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How to Adopt in Connecticut

If you live in the Constitution State and are considering adoption, either as an expectant mother or prospective adoptive parents, you are likely wondering the same thing: how does adoption work in Connecticut?
The following guide provides all the Connecticut adoption information you need, from the qualifications for adoptive parents to the rules and regulations for placing a child for adoption in Bridgeport, New Haven, Hartford and beyond.

Laws, Rules and Qualifications for Adopting a Child in Connecticut

There are many state laws and regulations in place to protect growing families and prospective birth parents throughout the adoption process. If you are considering adopting a child in Connecticut, it is important to understand adoption qualifications and processes in your state. Below, find the information you need to adopt a child in Connecticut.

What are the laws and qualifications for adopting a child in Connecticut?

Any adult may adopt in Connecticut. The sexual orientation of the prospective adoptive parent(s) may be considered when placing a child for adoption. A husband and wife must adopt jointly unless an exception is made by the court.

What adoption expenses can be paid by adoptive families in Connecticut?

Prospective adoptive families in Connecticut may pay for the birth mother’s living expenses up to $1,500. Birth parent expenses exceeding $1,500 may be approved in unusual circumstances by the court. Reasonable telephone charges and maternity clothing expenses are also permitted. Birth mother counseling is required within 72 hours of the child’s birth or as soon as medically possible after birth. Permissible payment of birth parent counseling expenses will include the cost of transportation.

What are the laws to become a foster parent in Connecticut?

In Connecticut, foster parents must be 21 or older, be able to provide a supportive home environment, have sufficient income to meet their financial needs, be of good character and complete criminal background checks, attend a 10-week training program, complete the home study and have two or more bedrooms in the home.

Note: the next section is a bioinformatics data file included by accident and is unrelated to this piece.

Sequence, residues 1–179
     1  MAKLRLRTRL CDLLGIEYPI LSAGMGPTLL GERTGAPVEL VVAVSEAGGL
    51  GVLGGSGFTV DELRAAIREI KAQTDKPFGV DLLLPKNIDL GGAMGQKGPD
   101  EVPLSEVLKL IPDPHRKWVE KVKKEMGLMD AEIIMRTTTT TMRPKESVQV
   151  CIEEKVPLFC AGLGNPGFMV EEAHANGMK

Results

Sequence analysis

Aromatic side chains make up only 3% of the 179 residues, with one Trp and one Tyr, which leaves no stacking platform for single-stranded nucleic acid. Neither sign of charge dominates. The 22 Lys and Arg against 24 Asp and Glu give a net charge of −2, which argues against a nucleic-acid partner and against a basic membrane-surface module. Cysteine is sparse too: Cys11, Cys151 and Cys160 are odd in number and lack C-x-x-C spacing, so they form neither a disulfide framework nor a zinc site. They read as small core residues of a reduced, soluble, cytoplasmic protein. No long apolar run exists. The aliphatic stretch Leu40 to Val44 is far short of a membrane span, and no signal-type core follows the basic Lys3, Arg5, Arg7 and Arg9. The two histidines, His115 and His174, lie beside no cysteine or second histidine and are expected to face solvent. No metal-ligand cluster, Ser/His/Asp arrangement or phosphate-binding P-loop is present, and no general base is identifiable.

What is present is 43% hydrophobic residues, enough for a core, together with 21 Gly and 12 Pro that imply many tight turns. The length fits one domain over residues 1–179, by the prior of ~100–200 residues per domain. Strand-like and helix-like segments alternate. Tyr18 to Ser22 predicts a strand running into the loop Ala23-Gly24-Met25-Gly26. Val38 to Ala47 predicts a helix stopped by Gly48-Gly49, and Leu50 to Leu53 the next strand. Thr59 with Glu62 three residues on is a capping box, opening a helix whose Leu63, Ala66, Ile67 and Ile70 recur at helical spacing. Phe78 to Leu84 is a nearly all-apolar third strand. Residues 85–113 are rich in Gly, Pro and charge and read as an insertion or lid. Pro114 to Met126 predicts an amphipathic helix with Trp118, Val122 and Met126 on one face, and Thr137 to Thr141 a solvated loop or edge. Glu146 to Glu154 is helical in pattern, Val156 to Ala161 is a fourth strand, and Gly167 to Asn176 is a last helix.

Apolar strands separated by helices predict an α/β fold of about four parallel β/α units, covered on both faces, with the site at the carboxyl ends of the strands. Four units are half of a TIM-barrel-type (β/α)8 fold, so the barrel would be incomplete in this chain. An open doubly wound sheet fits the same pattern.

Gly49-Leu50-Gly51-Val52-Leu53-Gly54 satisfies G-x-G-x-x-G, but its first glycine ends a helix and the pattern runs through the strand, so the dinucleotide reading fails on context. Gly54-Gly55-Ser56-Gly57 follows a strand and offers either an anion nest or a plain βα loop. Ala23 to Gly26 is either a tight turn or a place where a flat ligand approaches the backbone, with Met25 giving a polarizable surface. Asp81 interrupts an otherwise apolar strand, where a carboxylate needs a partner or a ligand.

What are the requirements to finalize an international adoption in Connecticut?

A petition for validation of an intercountry adoption decree may be filed with a probate court. The petition for validation must be accompanied by an authenticated copy of the adoption decree unless the court waives this requirement.

The court may validate the adoption if it finds that the adoption was finalized abroad, U.S. Citizenship and Immigration Services refused to naturalize the child because the adoptive parents did not personally see and observe the child prior to or during the adoption proceedings and that it is in the best interests of the child to validate the adoption.

The Department of Public Health will prepare a certificate of foreign birth for the child provided that an authenticated copy of the adoption order or other evidence that is considered satisfactory if filed with the court and that the probate court notifies the department that the evidence has been filed.

The certificate will be prepared upon written request by the adoptive parents, the child if over age 16, or the court for the district in which the adoption proceedings were held.

Is it legal to use advertising or facilitators to adopt in Connecticut?

Any birth parent or adoptive parent may advertise through any public media in Connecticut for the purpose of adoption.

Laws, Rules and Qualifications for Placing a Baby for Adoption in Connecticut

To start the adoption process as a prospective birth parent, it can be helpful to understand state laws and your rights throughout the process. If you are living in Connecticut and considering an adoption plan for your baby, this section will help answer your questions about the adoption process, birth father rights, consent and more.